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The Poem

For Reza A’lameh-zadeh 

Words are the burying ground of things. 
The trot of a horse through these lines
is a sound I haven’t heard since childhood.
Your laughter wilted in my teenage years.
I write
as if on pilgrimage to the city of the dead.
If time by chance slips backwards,
my father’s murmurs will echo
in the ears of the text, the sound of a bullet
will disturb the sleep of these lines
and a wild-haired poem will pace
a room that’s been decayed for years.
Words have been arranged along the faded lines of a house:
Here is a window,
behind the window a courtyard. No one knows
which nightmare awakens the poem. It sees
sometimes, at the window, the glance of a neighbor’s bride,
sometimes the swing and the bicycle,
or the wall with its cheap paintings.
It looks at them
until they come alive
then, to the inhale and exhale of living things
goes back to sleep. 

 

Years ago my father’s murmurs
lost their way in the text of sleep
and the poem lit three thousand candles,
built three thousand paper boats
and offered them all to the sea.
Now that I have packed my bags
and wait for the first train that would not return me here,
the poem is riding a bicycle;
trembling and in haste
it pedals through bumps and puddles,
rings a door bell, stares at whispers and sobs
afraid of being heard.
But the whispers are so loud in the ear
it is impossible to hear the whistle of a train.
I am still in the station
and the poem in Khavaran
protects the dead of these past years
from the gaze of the guards. 

 

A year ago
the poem slipped through barbed wire
where soldiers patrolled the hills of your breasts,
stole your lips,
your hands;
recreated you piece by piece.
This year, soldiers guard the edge of nothing:
your body long stolen.
In the station,
my bench is occupied by a dead
whose name the poem doesn’t know.
(It wouldn’t learn your name either.)
Bullets and warm blood
find their way into the lines—
no paper can stop the bleeding.
The station is full of passengers who are dead.
The firing squads,
and the hanging ropes
are not waiting for any train.
Mumbling grave-diggers
ring the doorbells of three thousand homes.
Three thousand abandoned bicycles
litter the alleys. 


The poem is not standing in front of a firing squad.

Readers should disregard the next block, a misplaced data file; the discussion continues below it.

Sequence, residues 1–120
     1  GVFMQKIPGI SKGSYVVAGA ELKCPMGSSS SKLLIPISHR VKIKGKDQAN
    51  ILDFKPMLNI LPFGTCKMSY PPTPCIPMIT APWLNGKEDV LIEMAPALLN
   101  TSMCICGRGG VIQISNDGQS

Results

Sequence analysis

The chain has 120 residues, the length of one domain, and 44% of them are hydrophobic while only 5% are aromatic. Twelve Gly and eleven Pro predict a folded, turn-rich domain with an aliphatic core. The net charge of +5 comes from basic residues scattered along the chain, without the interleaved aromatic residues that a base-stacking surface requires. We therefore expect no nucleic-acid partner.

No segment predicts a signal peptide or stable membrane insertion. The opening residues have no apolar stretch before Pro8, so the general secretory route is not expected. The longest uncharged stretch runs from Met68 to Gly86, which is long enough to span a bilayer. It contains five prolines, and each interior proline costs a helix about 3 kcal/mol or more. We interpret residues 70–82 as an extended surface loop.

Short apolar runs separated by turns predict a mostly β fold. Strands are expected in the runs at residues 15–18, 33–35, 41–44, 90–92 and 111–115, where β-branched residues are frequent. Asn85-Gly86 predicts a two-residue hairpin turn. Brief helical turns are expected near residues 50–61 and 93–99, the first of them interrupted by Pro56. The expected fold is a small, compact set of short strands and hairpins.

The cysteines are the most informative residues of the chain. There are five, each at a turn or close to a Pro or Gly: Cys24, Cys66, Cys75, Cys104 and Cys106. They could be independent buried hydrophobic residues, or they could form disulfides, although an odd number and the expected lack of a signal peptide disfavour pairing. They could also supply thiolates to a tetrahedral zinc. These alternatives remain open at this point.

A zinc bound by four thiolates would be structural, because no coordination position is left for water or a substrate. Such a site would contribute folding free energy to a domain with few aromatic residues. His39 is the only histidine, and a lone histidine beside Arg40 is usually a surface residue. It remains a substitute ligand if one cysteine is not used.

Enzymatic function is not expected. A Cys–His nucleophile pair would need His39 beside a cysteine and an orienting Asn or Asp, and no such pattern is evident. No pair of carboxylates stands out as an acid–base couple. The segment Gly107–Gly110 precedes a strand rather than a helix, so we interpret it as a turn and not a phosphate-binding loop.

Nor does the firing squad
know where, on the poem, to aim at.
They simply hike the price of utilities,
the rent, and burial expenses.
I cannot buy cigarettes for three thousand dead
but I can bring them all back to life.
I don’t want to make the poem
send them back to a cemetery
that doesn’t exist anymore;
I only want to remind it
that all the abandoned bicycles have decayed by now,
that no one will ever again hear the jangle of their bells.
The dead will remain in the station
and if the poem can secure a ticket from each reader
it will send them off on the first one-way train.
In my country
three thousand dead in a station is normal.
Three thousand dead on a train is normal. 


At the border stations
they arrest our tongues.
Our words decay when they cross that line.
I let go of your hands outside the station,
the train’s whistle hurries my words.
Words have filled up all the cabins,
they dream thousand-year nightmares.
My words are young,
just thirty years old,
but they have piled up
layer by layer 
under this prison garb.
Yellow was not the color of my first school shoes,
nor was red the color of my piggy-bank,
or blue the color of my first bicycle.
Words grew up with the colors of your dress;
they were a herd of fleeing horses,
a rainbow that you would take off
and send curving through the air,
falling into mud and dirt,
into handcuffs, darkness, and the command to shoot. 


 6 

I’m not standing in this long line for bread and milk.
I stand here to surrender my tongue.
Everything crossing the border becomes lighter.
I stand to be translated.
A bicycle rides my borders
over bumps and puddles.
The poem considers conjunctions and prepositions,
the distance between I and I,
the me to-from-on-or me.
It is raining
on conjunctions and prepositions,
on relationships.
In the rain
the distance between us widens,
and in that distance,
Khavaran grows larger.


In my language
every time we suddenly fall silent
a policeman is born.
In my language
on the back of each frightened bicycle
sit three thousand dead words.
In my language
people murmur confessions,
dress in black whispers,
are buried
in silence.
My language is silence.
Who will translate my silence?
How am I to cross this border?  


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